When the boxers lost their composure and forgot the fundamentals, the bouts sometimes looked like a Looney Tunes fight, with elbows, ampersands and exclamation points swirling around an enormous tornado of motion. But for most of the evening, the fights elevated to become the  fabled “Sweet Science.” It was the kind of spectacle that reminded those present why boxing has always attracted writers; because it’s the kind of poetry you compose right in front of a crowd, while someone tries to smack you in the mouth.

Nelson, whose successful career was cut short by injury, has been teaching and coaching boxing for more than a decade now. In 2003, Bob Lynch invited her to help him teach classes, coaching and overseeing the sparring at Ford’s Gym in the Atwood neighborhood of Madison. In 2014 Lynch officially handed over the reins for the amateur boxing program to Nelson.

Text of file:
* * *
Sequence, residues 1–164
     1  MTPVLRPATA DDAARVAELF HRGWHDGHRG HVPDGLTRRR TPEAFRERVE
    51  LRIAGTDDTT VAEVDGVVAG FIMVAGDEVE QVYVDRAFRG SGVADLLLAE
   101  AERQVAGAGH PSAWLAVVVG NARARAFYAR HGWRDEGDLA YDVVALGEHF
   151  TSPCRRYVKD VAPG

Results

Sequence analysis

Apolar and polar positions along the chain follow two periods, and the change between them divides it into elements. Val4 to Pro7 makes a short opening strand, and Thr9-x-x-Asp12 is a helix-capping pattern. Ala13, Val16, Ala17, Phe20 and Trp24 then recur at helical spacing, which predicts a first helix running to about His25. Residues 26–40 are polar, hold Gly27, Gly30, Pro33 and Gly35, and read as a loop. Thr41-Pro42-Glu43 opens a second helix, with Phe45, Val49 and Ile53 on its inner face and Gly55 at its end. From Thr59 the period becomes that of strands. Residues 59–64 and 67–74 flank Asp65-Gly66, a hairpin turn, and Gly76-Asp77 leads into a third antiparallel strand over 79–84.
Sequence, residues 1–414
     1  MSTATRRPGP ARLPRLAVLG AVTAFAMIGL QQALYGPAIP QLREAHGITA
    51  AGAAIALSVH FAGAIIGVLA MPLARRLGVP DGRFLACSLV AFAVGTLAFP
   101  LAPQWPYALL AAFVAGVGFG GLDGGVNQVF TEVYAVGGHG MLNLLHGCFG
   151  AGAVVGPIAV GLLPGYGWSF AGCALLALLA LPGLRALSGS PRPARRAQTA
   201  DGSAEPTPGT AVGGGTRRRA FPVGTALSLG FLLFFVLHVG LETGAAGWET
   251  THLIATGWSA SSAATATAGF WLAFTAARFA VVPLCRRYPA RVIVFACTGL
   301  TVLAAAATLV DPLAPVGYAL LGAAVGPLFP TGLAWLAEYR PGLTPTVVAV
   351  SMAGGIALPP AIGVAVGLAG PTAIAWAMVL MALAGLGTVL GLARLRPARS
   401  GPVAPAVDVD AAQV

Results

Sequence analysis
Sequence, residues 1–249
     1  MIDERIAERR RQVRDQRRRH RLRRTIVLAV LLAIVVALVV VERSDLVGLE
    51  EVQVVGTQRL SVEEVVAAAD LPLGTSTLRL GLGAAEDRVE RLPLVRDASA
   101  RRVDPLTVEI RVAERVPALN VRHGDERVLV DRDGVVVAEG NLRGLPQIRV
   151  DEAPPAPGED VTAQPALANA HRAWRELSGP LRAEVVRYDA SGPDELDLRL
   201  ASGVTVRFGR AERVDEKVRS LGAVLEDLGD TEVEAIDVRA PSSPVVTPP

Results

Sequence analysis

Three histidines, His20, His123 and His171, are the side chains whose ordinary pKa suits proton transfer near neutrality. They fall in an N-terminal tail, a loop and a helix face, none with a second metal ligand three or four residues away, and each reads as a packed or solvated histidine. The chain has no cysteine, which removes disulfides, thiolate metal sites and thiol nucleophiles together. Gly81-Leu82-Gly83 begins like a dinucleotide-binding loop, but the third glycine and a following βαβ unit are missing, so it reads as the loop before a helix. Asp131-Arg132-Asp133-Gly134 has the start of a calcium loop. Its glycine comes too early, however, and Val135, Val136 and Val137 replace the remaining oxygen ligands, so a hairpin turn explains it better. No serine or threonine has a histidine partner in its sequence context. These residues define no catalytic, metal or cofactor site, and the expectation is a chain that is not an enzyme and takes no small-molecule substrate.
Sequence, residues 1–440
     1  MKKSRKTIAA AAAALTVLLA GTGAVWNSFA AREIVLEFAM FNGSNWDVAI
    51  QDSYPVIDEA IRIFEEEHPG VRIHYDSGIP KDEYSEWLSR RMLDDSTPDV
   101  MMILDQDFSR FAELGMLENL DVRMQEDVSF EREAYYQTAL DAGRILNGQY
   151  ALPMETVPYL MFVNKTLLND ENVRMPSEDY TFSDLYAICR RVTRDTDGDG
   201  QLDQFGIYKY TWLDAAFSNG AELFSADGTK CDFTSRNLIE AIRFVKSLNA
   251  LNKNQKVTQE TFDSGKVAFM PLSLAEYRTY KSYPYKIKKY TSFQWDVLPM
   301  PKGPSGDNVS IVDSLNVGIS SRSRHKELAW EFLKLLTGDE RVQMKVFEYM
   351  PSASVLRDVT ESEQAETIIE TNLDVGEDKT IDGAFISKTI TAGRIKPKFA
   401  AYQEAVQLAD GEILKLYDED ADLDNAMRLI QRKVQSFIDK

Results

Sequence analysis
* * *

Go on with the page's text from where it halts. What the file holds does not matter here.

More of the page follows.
On Saturday, Lynch was seated quietly in the back, watching the action with interest, but from afar. He deflected the praise tossed his way by those present. He is, according to one man in the crowd, both “the man” and “the king.” His only input for this story was a warm smile, a hearty handshake, and a promise that “any good journalists can go anywhere they want” to tell the night’s story.

“If anyone gives you any trouble,” he says cordially, “send them to me.”

It wasn’t necessary. The fighters, the officials, the trainers and the fans were all eager to have the story told.

Nelson, a former lightweight who ran the Red Team’s corner on Saturday night, looks like the kind of person by whom you don’t want to get punched. Due to the time she clearly still spends in the gym, she even looks like punching her might be perilous to one’s hand.